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Latin American Literature  
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In most of these writers, the personal is correlated with the political, and questions of sexual politics are inevitably related to larger issues of social construction. Such relationships are emphatically evident in Alvarez Gardeazábal's novel El divino (1986; The Divine One), in which a favorably portrayed gay man is also a drug trafficker.

Any minimally satisfactory critical exegesis of this novel must work through the challenging correlations the author establishes, beginning with the questions of whether the character's homoeroticism is compromised by what is usually understood as a criminal activity or whether the depictions of both homoeroticism and drug trafficking are indicative of the author's revised interpretation of what is "good" and "bad" in Colombian society.

Lesbian Culture

Lesbian culture in Latin America is different from gay male culture and also from North American lesbian culture though it bears some similarity to the lesbianism to be observed among marginalized women of color in the United States. As in the case of male homosexuality, a distinction must be made between international cultural models and models peculiar to each society.

Sylvia Molloy is the author of one of the only two Latin American lesbian novels to be translated into English, En breve cárcel (1981; published in English as Certificate of Absence). Molloy, a Paris-educated Argentine who has been a professor at several Ivy League universities in the United States and currently holds an Albert Schweitzer chair at New York University, has written a novel in which lesbianism and First World feminism intersect.

The protagonist's background is Argentine, but her experiences are set in France and the United States and her recording of them reflects the private struggle of the writer to find an authentic self-expression. Clearly, these factors are all privileged, white, middle-class dimensions that make the novel immediately accessible to foreign readers.

In contrast is the performance theater of Mexico City's Jesusa Rodríguez, where the limited-access space of a private bar (Teatro La Capilla/Bar El Hábito, which experiences repeated police harassment), the lack of published texts, and the enactment of female proletarian subjectivities, as well as the distaste that her work has provoked among more establishment feminists, all point to a lesbian framing that escapes customary international definitions, even when it may be coextensive with the Chicana-Latina lesbian identity described earlier. Lesbian writing remains very much a minority voice in Latin America even though published writing by women, including lost and forgotten texts, has increased dramatically in the past two decades. One suspects that a combination of factors account for the paucity of lesbian publications, including a reluctance, in the face of opposition to feminist writing in general, to use literature as a vehicle for lesbian issues.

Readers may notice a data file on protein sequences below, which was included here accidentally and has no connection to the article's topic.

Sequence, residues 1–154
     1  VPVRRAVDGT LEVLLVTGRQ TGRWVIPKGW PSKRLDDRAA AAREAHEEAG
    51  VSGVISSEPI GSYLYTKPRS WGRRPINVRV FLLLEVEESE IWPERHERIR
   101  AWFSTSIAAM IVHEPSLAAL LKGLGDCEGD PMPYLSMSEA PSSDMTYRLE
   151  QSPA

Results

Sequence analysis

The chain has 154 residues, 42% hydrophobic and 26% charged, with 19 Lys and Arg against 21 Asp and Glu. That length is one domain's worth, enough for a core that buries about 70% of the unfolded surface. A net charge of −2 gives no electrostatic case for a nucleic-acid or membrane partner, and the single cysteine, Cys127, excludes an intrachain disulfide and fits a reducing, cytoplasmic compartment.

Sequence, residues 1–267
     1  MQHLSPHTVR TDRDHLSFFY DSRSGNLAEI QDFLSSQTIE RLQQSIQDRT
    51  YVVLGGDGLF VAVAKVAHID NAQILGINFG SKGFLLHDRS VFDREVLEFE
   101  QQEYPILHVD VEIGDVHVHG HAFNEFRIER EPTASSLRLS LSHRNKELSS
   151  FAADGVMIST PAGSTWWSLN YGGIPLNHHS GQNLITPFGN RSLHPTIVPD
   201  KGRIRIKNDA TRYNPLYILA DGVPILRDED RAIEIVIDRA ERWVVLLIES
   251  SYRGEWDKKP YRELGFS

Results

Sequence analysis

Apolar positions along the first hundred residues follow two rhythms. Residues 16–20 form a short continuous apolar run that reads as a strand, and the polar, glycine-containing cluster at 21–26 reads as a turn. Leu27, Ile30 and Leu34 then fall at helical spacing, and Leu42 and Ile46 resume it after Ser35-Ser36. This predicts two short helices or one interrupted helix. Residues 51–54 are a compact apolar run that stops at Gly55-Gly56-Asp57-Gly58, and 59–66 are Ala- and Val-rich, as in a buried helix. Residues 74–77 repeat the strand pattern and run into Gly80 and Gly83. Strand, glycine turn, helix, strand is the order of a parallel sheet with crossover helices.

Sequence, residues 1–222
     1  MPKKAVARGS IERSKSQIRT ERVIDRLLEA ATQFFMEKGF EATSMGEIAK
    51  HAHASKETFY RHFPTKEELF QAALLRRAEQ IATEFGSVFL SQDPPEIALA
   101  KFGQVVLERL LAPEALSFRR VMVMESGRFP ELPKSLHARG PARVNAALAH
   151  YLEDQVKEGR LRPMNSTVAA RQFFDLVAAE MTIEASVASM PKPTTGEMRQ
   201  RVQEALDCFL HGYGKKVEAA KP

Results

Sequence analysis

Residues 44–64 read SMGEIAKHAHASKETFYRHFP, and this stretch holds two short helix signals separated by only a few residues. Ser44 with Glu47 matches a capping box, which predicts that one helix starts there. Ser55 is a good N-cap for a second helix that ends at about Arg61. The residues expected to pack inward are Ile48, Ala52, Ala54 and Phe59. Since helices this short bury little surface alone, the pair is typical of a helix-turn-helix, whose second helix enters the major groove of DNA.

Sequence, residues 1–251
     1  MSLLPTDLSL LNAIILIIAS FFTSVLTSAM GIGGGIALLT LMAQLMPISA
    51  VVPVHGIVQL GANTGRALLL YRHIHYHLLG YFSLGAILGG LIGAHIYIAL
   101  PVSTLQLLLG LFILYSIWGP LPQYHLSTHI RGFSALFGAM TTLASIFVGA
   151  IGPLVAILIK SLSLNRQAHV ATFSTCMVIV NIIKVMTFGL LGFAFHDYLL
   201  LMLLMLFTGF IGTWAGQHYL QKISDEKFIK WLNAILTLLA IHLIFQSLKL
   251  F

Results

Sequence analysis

The apparent silence of lesbian voices may, however, be more apparent than real and may involve a serious matter of critical optics, whereby it has not yet been possible for us to see a sustained lesbian tradition among women writers.

Octavio Paz's book on the seventeenth-century Mexican nun Sor Juana Inés de la Cruz, for example, is profoundly ambiguous and ultimately contradictory in its handling of the poems Sor Juana addressed to one of her patronesses, the Marquesa de La Laguina. At times Paz recognizes homoerotic sentiments, whereas at other moments he seems to dismiss such details as part of the conventional amatory rhetoric of the period.

This ambiguous response parallels the division in Shakespearean criticism concerning the love sonnets addressed to a young man. Yet, it is now generally agreed, supported by research in the area of lesbian nuns, that Sor Juana's poetry must be taken as the point of departure for a lesbian literary tradition in Mexico and Latin America, both in terms of the tenor of much of her writing, which is now enthusiastically endorsed as central to a Hispanic feminist descendence, and in terms of her personal biography, despite all the shadowy factual areas that render it so perplexing.

But if Sor Juana is a lesbian foremother for Mexican writers, it will require much intensive literary historiography and some powerful analytical models to fill in the gaps between her death in 1695 and the publication of the first lesbian novel in Mexico, Rosamaría Roffiel's Amora (1989).

Roffiel had already written some excellent homoerotic poetry before the publication of Amora, joining the ranks of such figures as Sabina Berman in affirming poetry as a privileged space of lesbian expression.

But as a narrative Amora allows for a full play of social concerns in the way in which it introduces intersecting lines between a generalized feminism that resists the overwhelming machismo of Mexican patriarchal society and a specificially lesbian sensibility that characterizes the intimacies between women who are brought together because of their shared sense of marginalization, repression, and oppression.

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